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220   NATURAL INHERITANCE.

WORKS ON HEREDITY BY THE AUTHOR.

(Published by Messrs. Macmillan & Co.)

Hereditary Genius. 1869.

English Men of Science. 1874. Inquiries into Human Faculty. 1883.

Record of Family Faculties.' 1884.   28. 6d.

Life History Album 2 (edited byF. Galton). 1884. 3a. 6d. and 4s. 6d.

1 The Record of Family Faculties consists of Tabular Forms and Directions for entering Data, with an Explanatory Preface. It is a large thin quarto book of seventy pages, bound in limp cloth. The first part of it contains a preface, with explanation of the object of the work and of the way in which it is to be used. The rest consists of blank forms, with printed questions and blank spaces to be fi1ed with writing. The Record is designed to facilitate the orderly collection of such data as are important to a family from an hereditary point of view. It allots equal space to every direct ancestor in the nearer degrees, and is supposed to be filled up in most cases by a parent, say the father of a growing family. If he takes pains to make inquiries of elderly relatives and friends, and to seek in registers, he will be able to ascertain most of the required particulars concerning not only his own parents, but also concerning his four grandparents ; and he can ascertain like particulars concerning those of his wife. Therefore his children will be pro. vided with a large store of information about their two parents, four grandparents, and eight great-grandparents, which form the whole of their fourteen nearest ancestors. A separate schedule is allotted to each of them. Space is afterwards provided for the more important data concerning many at least, of the brothers and sisters of each direct ancestor. The schedules are followed by Summary Tables, in which the distribution of any characteristic throughout the family at large may be compendiously exhibited.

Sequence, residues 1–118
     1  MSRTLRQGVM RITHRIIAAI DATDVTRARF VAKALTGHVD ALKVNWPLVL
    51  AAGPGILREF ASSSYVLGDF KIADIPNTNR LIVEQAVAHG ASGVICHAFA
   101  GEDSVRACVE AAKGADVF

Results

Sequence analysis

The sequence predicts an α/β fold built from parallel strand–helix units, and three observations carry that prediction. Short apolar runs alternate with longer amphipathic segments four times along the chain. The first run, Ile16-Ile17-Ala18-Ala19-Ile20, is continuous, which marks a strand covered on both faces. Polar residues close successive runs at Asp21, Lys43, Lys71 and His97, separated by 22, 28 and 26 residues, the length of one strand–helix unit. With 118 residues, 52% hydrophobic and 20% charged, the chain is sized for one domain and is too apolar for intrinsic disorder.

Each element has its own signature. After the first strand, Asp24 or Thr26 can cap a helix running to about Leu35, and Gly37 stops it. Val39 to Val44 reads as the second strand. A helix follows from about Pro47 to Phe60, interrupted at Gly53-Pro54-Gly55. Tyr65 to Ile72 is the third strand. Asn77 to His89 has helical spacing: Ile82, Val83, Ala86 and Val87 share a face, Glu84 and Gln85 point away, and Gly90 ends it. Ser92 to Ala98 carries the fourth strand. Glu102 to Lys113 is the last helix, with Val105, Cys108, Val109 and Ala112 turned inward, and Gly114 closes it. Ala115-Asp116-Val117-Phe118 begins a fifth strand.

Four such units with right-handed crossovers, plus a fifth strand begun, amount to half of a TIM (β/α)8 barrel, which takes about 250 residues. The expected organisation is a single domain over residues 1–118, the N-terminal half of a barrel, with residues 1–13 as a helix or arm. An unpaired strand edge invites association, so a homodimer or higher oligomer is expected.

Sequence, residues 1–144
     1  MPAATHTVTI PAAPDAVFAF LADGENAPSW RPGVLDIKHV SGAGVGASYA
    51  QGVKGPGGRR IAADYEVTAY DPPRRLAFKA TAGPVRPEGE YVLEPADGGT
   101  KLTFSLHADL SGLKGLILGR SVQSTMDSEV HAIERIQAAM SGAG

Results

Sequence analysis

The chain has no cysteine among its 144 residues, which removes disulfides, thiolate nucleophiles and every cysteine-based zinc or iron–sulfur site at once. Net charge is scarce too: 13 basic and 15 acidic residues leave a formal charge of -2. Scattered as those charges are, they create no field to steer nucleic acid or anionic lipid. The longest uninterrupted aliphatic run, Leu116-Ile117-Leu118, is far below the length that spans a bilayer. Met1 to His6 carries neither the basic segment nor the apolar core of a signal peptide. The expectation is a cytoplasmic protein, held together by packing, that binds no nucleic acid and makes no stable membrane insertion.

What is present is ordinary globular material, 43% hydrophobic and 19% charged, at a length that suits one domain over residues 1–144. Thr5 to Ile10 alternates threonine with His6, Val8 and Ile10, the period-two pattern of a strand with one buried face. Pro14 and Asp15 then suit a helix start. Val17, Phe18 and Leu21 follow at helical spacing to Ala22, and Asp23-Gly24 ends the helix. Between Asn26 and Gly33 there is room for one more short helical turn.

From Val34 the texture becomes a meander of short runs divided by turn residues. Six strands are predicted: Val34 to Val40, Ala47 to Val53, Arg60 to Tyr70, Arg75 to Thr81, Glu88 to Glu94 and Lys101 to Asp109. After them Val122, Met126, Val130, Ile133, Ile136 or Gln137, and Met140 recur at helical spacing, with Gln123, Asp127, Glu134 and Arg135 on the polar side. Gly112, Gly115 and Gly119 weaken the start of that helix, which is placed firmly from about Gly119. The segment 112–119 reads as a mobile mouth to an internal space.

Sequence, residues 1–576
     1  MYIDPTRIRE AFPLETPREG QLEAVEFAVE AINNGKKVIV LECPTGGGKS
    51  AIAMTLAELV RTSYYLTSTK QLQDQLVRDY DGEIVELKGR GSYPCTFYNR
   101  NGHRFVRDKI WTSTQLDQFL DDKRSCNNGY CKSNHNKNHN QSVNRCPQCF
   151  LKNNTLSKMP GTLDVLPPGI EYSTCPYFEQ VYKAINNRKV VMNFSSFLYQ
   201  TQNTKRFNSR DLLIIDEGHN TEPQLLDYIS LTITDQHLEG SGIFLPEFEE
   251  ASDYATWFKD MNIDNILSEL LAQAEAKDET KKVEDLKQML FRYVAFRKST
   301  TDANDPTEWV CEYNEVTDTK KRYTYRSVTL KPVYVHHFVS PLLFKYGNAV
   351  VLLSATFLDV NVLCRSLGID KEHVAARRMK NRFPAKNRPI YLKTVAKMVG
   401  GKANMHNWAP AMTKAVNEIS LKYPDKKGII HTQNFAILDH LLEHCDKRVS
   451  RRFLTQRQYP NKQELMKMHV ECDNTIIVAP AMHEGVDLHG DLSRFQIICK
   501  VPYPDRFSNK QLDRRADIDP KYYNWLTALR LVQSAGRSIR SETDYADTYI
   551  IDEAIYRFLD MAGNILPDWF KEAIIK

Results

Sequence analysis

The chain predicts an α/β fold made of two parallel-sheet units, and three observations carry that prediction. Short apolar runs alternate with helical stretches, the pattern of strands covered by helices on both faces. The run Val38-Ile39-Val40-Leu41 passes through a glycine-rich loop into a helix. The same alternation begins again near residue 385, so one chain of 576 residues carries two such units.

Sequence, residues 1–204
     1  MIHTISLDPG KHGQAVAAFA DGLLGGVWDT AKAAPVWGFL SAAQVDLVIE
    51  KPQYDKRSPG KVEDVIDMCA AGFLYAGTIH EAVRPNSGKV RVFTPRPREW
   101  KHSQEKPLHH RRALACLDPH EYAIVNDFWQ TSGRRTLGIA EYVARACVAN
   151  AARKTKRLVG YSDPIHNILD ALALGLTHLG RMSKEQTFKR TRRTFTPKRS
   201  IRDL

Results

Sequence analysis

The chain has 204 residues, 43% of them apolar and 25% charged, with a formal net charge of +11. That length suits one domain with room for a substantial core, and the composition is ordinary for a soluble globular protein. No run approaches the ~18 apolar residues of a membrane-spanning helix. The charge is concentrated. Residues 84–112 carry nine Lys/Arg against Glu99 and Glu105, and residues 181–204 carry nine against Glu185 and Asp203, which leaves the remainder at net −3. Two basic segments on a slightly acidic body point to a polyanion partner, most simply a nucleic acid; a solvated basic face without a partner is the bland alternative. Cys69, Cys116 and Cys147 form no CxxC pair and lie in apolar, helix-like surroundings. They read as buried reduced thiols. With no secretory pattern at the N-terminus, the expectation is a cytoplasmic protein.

2 The Life History Album was prepared by a Sub-Committee of the Collective Investigation Committee of the British Medical Association. It is designed to serve as a continuous register of the principal biological facts in the life of its owner. The book begins with a few pages of explanatory remarks, followed by tables and charts. The first table is to contain a brief medical history of each member of the near ancestry of the owner. This is followed by printed forms on which the main facts of the owner's growth and development from birth onwards may be registered, and by charts on which measurements may be laid down at appropriate intervals and compared with the curves of normal growth. Most of the required data are such as any intelligent person is capable of recording ; those that refer to illnesses should be brief and technical, and ought to befilled up by the medical attendant. Explanations are given of the most convenient tests of muscular force, of keenness of eyesight and hearing, and of the colour sense. The 4s. 6d. edition contains a card of variously coloured wools to test the sense of colour.

**.* These two works pursue similar objects of personal and scientific utility, along different paths. The Album is designed to lay the foundation of a practice